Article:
Rogaland passenger ferry
There was great excitement in Rogaland when a new call for tender went out for high-speed passenger ferries in Ryfylke. One of the key criteria was that the ferries should be universally designed.
Ivan Fossan, CEO of the shipping company Tide Sjø, talked about the good level of cooperation between themselves, the client Rogaland Kollektivtrafikk FKF, Kolumbus and the shipyard Brødrene Aa in Hyen.
“When the tender contract was signed we built an excellent rapport with the client,” explained Mr Fossan. ”It was important that we worked closely with the yard already during the contracting phase. We held meetings with both the yard and representatives from the client to discuss universal design and ensure that we were all on the same wavelength. The yard has subsequently used its experience from this pioneering work in other projects, which we feel is very positive.”
Listening to users
Kolumbus prepared the design specifications and ensured that organisations such as the Norwegian Association for the Blind and Partially Sighted and the Norwegian Association for the Disabled, who represented different user groups, were consulted. Compromises often had to be made, since the regulations were too general in their nature. However, Ivan Fossan explained that each compromise was individually considered and the resulting solutions always aimed to make things better than before.
The gangways have been redesigned so that people with disabilities can get on and off without assistance. These gangways can be adjusted hydraulically allowing the crew to change the length, height and angle of inclination. They have non-slip surfaces, no steps and no transverse steps. The handrails are positioned at two heights along the entire length for added usability. Not only do these gangways ensure easy access to the ship for wheelchair users and parents with strollers, but also for service trolleys.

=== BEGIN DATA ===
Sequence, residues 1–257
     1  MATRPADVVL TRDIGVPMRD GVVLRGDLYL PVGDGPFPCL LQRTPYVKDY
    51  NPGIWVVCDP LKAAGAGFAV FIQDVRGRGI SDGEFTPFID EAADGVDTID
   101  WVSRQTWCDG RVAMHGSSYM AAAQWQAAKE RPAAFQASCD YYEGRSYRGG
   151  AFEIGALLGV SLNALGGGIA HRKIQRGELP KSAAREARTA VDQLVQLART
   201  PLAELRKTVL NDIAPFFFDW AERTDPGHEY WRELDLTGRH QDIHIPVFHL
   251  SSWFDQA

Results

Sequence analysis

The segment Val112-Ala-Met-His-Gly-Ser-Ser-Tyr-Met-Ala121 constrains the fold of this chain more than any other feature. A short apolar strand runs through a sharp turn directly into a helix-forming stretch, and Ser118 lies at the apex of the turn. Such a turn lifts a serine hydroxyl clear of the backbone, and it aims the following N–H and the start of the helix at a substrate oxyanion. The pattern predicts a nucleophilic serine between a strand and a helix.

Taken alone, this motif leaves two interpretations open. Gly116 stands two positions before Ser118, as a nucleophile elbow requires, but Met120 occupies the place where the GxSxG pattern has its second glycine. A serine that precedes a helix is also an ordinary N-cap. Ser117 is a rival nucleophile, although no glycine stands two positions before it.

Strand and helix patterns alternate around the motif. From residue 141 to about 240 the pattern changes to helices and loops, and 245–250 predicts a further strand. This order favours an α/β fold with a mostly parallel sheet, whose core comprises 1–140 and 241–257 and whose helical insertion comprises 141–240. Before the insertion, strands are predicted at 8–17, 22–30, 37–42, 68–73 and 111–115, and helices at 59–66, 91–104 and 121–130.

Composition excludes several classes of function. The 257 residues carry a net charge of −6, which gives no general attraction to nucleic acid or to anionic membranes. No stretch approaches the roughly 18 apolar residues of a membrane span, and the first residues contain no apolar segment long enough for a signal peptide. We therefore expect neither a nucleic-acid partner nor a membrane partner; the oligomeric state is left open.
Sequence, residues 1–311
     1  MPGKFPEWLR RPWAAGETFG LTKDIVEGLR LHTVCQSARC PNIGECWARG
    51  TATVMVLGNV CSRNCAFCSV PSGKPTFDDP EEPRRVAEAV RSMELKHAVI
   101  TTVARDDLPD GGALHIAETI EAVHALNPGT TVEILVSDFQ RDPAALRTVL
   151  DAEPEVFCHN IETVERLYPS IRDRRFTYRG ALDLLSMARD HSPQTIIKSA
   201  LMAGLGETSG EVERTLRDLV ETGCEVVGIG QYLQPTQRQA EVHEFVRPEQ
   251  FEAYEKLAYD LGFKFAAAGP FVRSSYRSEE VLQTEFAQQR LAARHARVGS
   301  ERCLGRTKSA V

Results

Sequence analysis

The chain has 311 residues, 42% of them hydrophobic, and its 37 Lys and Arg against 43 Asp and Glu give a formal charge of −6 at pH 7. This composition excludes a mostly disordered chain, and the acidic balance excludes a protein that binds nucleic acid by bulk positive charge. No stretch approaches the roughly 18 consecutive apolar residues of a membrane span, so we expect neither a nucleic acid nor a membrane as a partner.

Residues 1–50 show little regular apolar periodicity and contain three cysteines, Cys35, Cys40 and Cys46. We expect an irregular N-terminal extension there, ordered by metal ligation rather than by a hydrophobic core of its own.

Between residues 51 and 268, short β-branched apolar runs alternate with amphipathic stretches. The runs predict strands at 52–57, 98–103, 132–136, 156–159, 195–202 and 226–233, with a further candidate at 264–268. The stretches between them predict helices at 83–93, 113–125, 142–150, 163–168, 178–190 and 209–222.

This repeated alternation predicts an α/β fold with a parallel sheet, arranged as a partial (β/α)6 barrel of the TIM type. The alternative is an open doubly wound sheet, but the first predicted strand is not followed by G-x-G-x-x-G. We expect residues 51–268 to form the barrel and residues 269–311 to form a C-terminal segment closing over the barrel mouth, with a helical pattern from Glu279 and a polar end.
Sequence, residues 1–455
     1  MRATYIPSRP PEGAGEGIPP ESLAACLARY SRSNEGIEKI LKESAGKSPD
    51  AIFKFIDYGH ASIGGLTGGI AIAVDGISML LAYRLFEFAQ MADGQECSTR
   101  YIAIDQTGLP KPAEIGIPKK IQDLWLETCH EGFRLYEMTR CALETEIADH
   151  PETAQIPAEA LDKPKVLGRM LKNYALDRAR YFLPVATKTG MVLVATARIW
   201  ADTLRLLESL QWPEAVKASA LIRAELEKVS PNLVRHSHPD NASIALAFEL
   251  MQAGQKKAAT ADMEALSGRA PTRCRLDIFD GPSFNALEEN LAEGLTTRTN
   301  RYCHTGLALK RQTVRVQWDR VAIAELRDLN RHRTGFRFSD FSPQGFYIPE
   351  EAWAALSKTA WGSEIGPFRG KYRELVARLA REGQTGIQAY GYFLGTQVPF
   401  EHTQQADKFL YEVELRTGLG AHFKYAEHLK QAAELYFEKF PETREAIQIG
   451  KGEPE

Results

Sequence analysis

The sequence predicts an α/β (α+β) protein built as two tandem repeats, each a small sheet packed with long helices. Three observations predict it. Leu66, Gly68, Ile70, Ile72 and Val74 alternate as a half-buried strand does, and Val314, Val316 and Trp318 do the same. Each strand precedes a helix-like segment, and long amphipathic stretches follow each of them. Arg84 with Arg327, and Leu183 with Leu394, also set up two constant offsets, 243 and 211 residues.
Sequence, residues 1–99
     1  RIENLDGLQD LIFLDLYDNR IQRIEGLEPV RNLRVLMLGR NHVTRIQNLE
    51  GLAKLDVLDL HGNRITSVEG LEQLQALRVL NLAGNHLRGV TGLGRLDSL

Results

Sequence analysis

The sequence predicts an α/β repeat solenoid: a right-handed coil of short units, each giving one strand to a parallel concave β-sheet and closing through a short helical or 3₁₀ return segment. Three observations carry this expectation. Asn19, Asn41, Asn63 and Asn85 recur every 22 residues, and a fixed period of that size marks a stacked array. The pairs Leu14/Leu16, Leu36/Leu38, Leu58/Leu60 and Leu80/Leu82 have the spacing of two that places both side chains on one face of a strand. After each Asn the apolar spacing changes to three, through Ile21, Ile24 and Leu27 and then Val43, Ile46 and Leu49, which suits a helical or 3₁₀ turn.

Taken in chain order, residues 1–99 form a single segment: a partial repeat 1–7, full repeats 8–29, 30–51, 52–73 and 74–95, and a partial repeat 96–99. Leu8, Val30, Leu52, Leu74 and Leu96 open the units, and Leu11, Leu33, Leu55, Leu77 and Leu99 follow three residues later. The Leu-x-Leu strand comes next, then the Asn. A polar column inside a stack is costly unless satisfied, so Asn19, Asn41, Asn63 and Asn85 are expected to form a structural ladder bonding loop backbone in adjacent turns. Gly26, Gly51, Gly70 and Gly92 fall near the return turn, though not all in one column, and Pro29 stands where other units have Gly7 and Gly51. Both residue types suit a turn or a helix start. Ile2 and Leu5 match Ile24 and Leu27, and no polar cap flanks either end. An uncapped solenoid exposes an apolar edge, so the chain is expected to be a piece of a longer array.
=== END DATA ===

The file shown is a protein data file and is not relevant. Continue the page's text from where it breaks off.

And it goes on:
Inside the ships, all the colours, patterns and flooring have been selected to make it easier for visually impaired passengers to orient themselves. All lighting points have also been strategically positioned to create natural ambience and atmosphere, or to provide dedicated task lighting. Signage and plans throughout the ship are tactile and provided in 3D for people who navigate using touch.
The ships have induction coils, so all information given on the loudspeaker system can also be heard by passengers using hearing devices. All safety information is also shown on monitors around the ship to reinforce the message. The ship’s position is shown in real time on the monitors in the passenger salon. Prior to docking the name of the port is displayed on the monitors, something which also makes it easier for passengers who do not speak Norwegian. The ships are also equipped with external electronic destination signage. And last but not least, all construction materials and textiles used were selected with regard for people with allergies or hypersensitivity.
All these criteria have been taken on board to become a standard for ships built in this shipyard, including a number now being exported to Sweden.
The high-speed passenger ferries have been in service for four years to date and the results are extremely successful. Passengers find the boats easy to travel on as everything on board is intuitive and almost no one encounters difficulties. Embarkation and disembarkation is done efficiently, saving time for everyone.
Inside the ships, all the colours, patterns and flooring have been selected to make it easier for visually impaired passengers to orient themselves.
These gangways can be adjusted hydraulically allowing the crew to change the length, height and angle of inclination.